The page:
Airbnb is evolving as a company, aiming to be involved with all aspects of the travel experience. But, before it can do this it needs to show it can provide a service users can trust.
Airbnb’s recent ousting of CFO Laurence Tosi – a banker who wanted Airbnb to act more like a traditional travel firm and get the company ready to go public – suggests the company is going to focus more on innovation and expansion into new products, rather than short-term financial goals.
Brian Chesky, the company’s CEO, wants Airbnb to become an end-to-end travel company and has invested heavily in so-called experiences, including concerts in secret locations which support up-and-coming local talent.
The CEO sees Airbnb as a company with an infinite time horizon, but, before the company can become a sustainable long-term travel business, it has some immediate issues it needs to solve.
On Thursday, Airbnb is set to launch the “biggest changes to [the] platform in [the company’s] ten-year history”, while what this fully entails remains unknown, these changes are likely to focus on tackling some of these issues.
On February 22, we’ll be sharing biggest changes to our platform in our ten-year history and embrace our infinite time horizon.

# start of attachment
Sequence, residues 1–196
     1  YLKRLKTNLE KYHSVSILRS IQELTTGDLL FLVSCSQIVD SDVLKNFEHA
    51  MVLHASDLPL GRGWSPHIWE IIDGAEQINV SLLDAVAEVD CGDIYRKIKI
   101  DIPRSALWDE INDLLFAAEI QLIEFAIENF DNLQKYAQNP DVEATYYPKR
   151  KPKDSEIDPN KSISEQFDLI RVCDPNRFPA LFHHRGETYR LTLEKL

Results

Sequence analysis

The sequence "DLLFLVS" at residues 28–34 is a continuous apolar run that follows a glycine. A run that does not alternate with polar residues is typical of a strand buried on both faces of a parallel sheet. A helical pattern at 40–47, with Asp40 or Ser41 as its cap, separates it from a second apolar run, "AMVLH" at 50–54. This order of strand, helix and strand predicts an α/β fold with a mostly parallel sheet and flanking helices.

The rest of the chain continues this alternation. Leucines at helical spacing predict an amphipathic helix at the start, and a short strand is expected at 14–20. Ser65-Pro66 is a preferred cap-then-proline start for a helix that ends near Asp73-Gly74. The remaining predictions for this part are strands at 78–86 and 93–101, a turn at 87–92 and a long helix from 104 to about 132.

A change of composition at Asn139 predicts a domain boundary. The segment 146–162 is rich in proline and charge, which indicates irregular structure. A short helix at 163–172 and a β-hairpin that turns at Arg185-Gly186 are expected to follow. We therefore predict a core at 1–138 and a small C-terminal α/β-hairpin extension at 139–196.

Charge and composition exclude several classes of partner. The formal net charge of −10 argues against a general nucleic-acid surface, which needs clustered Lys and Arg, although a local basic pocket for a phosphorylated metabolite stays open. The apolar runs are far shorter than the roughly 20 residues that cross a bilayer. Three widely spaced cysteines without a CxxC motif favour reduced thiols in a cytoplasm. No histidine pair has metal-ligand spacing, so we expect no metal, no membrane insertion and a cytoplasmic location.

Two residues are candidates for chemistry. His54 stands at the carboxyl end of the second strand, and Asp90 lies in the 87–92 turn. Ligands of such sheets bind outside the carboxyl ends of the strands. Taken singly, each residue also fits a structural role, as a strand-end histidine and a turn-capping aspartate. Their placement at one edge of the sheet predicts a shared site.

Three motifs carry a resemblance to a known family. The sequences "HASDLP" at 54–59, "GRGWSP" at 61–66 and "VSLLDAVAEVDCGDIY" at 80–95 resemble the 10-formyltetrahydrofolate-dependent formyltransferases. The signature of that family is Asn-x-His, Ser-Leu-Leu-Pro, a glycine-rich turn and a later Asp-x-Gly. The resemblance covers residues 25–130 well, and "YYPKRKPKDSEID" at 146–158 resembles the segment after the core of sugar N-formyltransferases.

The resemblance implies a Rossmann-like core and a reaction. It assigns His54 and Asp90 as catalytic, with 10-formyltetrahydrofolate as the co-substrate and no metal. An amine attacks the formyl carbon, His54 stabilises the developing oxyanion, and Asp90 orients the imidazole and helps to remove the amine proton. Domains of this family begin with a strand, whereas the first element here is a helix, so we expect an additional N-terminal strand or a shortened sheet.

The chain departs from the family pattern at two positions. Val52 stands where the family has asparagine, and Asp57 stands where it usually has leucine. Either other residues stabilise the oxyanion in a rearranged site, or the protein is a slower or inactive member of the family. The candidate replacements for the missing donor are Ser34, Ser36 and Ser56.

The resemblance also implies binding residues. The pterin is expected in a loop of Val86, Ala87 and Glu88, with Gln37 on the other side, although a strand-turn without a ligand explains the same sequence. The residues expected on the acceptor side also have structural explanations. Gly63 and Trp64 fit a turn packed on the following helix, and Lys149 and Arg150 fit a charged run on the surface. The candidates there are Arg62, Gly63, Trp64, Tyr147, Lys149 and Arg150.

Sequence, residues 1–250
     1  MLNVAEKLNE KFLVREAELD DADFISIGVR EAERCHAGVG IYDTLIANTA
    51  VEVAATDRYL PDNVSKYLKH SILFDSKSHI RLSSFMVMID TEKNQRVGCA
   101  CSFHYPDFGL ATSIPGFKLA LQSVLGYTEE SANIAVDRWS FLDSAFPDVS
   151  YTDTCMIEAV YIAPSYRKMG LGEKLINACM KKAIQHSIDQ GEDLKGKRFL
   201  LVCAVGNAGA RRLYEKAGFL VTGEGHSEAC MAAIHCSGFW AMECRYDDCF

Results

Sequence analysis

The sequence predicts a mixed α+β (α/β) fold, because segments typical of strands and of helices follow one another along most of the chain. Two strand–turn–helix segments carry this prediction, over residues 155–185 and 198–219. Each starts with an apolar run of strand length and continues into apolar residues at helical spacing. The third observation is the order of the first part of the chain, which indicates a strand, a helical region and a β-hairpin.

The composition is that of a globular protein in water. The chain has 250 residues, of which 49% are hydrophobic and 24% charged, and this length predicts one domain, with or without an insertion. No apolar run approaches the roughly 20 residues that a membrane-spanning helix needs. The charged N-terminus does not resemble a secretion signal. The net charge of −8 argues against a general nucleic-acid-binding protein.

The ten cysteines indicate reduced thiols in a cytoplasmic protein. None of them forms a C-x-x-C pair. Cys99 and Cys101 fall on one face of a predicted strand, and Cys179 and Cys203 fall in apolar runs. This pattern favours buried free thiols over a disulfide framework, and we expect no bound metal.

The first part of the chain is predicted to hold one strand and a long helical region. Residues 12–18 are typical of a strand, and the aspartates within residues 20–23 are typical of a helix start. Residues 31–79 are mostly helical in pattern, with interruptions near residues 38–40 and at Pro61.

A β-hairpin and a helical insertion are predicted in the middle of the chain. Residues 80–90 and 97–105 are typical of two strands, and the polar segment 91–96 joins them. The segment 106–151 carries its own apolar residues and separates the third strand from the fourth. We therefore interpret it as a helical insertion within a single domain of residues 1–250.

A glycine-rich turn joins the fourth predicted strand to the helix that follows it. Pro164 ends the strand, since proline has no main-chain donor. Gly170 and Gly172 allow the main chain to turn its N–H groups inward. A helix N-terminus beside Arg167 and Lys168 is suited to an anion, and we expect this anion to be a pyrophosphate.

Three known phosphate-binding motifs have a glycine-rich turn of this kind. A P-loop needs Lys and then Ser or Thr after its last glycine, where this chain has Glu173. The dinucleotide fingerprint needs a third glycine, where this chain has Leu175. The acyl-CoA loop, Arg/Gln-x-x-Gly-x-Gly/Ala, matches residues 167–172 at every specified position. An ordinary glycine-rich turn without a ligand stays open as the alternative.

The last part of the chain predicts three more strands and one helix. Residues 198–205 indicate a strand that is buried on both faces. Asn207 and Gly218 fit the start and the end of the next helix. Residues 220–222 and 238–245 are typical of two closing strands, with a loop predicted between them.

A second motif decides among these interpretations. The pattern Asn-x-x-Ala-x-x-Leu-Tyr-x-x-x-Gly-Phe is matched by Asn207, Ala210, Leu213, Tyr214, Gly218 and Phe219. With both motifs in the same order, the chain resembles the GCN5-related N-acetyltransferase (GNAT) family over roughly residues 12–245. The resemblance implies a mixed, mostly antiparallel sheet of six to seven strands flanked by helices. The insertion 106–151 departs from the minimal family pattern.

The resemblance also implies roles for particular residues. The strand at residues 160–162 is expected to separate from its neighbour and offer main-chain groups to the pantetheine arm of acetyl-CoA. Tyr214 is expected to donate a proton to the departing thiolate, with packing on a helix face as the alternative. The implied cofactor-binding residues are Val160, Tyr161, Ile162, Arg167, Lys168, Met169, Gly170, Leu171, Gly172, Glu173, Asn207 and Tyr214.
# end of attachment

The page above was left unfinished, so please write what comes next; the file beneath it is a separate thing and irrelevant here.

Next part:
— Brian Chesky (@bchesky) January 25, 2018
Among the changes, Airbnb Select is expected to be introduced. The so-called Select scheme is essentially a quality-controlled Airbnb service, with only the highest-rated hosts able to participate in the programme.
Hosts included in the Select programme are required to forego an inspection and meet certain criteria such as cleanliness, single-use toiletries, and availability of tea and coffee.
This provides users with a higher level of quality assurance than previously available and brings the Airbnb guest experience closer to that of a hotel.
Hosts who comply with the requirements will benefit from factors such as a professional photographer for their home, will feature more commonly in searches, and have the ability to charge higher prices to guests.
Introducing accommodation which the company has essentially vetted is a move away from Airbnb’s original business model.
But, is a step in the right direction if the company does want to become a “community driven superbrand” involved in all aspects of the travel experience.
Airbnb needs to show it is able to provide a trusted service and stamping out the problems that put people off the platform and create negative press will be essential to achieve this.